Keith Arkell was the first Grandmaster to enter the Cotswold Congress for many years, and on Monday he hit the chess headlines in the Daily Telegraph when their correspondent, Malcolm Pein, noted the fact that Arkell had achieved the remarkable feat of coming 1st in his last 7 consecutive weekend events, namely Bristol, Exeter, Exmouth (the West of England Championship), Hereford, Nottingham, Great Yarmouth and Rhyl. Such was his current form and the relatively modest opposition, by his standards, that one could be forgiven for expecting him to make this his 8th success.
Yet it was not to be. In Round 3 he faced his nearest opponent, Chris Beaumont, who was not prepared to go down without a fight and proceeded to win with the white pieces. He conceded a draw in the following round, but didn’t allow Arkell to catch him, finishing a half point ahead. The full prizelist was as follows (all points out of 6)
Open Section: 1st Chris Beaumont (Bristol & Clifton) 5½. 2nd Keith Arkell (Paignton) 5. 3rd Matt Gillings (Wimbourne) 4. U-170 grading prize: William Phillips (Hatchend) 3. 16 players competed.
Major (U-155) 1st Duncan Macarthur (Keynsham) 5. 2nd= Robert Ashworth (Wotton Hall); Ian Bush (Magdalen College School, Oxford) & Martyn Harris (Newcastle under Lyme) 4½. Grading Prize (U-138) Rich Wiltshir (Rushall) 3½. (U-120) David Williams 3½. 37 players competed.
Minor (U-125). 1st Mark Forknall (Cheltenham) 5½. 2nd= Steve Clare (Wallasey) & Rezza Gorsi Pour (Gloucester) 5. Grading Prizes (U-102) Douglas Bramley (Spondon) 4.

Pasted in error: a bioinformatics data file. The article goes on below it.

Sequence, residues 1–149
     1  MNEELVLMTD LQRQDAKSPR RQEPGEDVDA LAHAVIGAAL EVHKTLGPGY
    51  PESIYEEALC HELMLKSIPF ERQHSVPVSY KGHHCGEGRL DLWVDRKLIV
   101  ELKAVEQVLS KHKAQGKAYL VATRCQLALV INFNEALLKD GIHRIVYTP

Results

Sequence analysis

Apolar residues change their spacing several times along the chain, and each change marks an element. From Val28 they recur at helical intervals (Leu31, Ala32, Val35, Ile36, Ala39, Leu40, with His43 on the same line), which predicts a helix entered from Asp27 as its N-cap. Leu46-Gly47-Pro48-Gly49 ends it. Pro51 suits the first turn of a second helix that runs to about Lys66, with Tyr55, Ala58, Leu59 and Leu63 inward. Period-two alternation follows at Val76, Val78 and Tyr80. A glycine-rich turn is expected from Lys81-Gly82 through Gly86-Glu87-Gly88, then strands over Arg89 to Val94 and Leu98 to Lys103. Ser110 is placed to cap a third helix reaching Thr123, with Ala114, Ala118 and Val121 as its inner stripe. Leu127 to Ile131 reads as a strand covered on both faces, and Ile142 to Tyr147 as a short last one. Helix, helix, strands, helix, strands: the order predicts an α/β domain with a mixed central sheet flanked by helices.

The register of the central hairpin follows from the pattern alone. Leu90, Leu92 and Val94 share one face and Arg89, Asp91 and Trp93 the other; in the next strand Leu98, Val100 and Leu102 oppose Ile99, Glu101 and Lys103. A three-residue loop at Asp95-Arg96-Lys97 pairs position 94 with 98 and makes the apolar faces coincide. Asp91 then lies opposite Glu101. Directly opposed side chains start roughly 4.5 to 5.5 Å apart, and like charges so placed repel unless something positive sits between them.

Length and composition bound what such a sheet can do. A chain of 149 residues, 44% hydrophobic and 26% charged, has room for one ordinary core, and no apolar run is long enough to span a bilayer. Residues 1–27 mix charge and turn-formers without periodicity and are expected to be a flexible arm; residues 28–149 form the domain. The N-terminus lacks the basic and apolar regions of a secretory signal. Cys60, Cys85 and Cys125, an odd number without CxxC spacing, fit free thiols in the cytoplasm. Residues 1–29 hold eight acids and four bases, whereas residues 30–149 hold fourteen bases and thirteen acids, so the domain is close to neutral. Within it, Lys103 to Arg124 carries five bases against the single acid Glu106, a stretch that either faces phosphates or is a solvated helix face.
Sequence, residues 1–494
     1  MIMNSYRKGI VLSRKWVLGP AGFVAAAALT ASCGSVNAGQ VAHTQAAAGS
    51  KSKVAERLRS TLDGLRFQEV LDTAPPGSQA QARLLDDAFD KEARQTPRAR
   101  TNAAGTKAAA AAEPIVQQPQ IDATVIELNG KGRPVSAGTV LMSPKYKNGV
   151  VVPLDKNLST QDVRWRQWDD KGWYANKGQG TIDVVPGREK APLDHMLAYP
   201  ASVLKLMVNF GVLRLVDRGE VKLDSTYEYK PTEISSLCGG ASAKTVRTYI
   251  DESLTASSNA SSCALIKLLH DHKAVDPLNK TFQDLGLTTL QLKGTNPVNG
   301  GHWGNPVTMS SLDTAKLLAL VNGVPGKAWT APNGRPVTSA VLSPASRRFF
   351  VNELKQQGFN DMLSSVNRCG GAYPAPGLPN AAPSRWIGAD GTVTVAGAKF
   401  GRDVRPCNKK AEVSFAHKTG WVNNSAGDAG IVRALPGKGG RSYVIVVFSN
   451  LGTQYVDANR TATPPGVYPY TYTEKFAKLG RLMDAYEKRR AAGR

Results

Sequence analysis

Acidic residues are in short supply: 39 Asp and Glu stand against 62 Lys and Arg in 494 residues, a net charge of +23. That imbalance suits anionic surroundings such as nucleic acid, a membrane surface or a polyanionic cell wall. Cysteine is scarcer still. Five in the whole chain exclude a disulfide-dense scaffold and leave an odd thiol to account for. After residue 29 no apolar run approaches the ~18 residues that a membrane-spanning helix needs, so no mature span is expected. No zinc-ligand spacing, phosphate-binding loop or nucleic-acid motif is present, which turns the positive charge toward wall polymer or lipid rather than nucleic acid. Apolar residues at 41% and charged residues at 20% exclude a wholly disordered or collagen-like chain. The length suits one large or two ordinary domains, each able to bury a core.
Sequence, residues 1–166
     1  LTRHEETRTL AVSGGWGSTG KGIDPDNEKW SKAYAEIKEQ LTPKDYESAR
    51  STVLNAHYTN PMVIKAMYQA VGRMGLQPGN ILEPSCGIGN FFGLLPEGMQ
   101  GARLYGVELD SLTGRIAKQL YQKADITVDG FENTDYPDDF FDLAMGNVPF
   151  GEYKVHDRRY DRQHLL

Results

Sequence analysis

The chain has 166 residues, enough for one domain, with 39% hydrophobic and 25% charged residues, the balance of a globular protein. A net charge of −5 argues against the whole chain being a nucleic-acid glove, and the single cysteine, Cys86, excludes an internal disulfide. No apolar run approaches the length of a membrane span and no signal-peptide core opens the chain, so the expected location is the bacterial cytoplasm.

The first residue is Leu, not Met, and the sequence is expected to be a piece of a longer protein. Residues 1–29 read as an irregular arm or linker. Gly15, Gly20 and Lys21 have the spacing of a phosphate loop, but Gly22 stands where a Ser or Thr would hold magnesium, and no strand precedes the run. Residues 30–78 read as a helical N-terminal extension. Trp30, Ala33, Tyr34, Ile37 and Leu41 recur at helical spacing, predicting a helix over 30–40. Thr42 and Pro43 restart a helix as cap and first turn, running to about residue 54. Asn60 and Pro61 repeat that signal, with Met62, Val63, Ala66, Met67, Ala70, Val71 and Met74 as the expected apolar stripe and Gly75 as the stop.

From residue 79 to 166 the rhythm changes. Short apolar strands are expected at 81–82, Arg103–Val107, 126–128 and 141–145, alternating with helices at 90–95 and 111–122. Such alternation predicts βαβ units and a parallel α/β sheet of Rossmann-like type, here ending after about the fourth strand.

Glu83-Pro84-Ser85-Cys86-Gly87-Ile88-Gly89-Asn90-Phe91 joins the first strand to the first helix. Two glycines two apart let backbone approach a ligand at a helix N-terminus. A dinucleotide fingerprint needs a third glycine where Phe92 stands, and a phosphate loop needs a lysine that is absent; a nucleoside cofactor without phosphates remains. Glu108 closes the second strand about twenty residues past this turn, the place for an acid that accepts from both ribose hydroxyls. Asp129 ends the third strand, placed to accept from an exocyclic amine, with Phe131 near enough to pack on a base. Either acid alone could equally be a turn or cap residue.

U-100: Paul Broderick 3½. 35 competed.
As a way of raising funds for their forthcoming trip to Borneo, pupils from the host venue, King’s School Gloucester, provided a service to the players by running the refreshment stall.
In the recent Frome Congress, father & son George and Scott Crockert, both won with Black in the final round, to qualify for the British Championship. This is one of those games.
White: P. Orgler (2132). Black: G. Crockart (2012).
Dutch Defence – Staunton Gambit [A83]
1.d4 f5 2.Nc3 Nf6 3.Bg5 e6 4.e4 fxe4 5.Nxe4 Be7 6.Bxf6 Bxf6 7.Qh5+ g6 8.Qh6 Nc6 9.Nf3 b6 10.c3 Bb7 11.Bd3 Qe7 12.Nxf6+ Qxf6 13.Qg5 0–0 14.Qxf6 Rxf6 15.Ne5 d6 16.Nxc6 Bxc6 17.0–0 Re8 18.Rfe1 Kf7 19.b4 g5 20.b5 Bb7 21.a4 e5 22.a5 Rfe6 23.axb6 axb6 24.Ra7 Rb8 25.Be4?? Much better was 25.Bc4 and if d5 26.Rxb7 Rxb7 27.Bxd5. Rb8 28. f4 gxf4 29. Rxe5 Rbe8 30.Kf2 Kf6 and after the pieces come off White should win. 25…exd4 26.f3 d5 0–1.
Last week’s original 3-mover by Dave Howard was solved by 1.Be4! If 1…Kg1 2.Qf3 with mate on g2. If 1…g2 2.Qg4 g1=Q 3.Qh4 mate. If 1…e2 2.Qf3 e1=Q (if 2…e1=N 3.Qh1 mate) 3.Qg2 mate.
In this position from a recent game, Black is clearly on the back foot, but White still needs a clinical finish to end all resistance.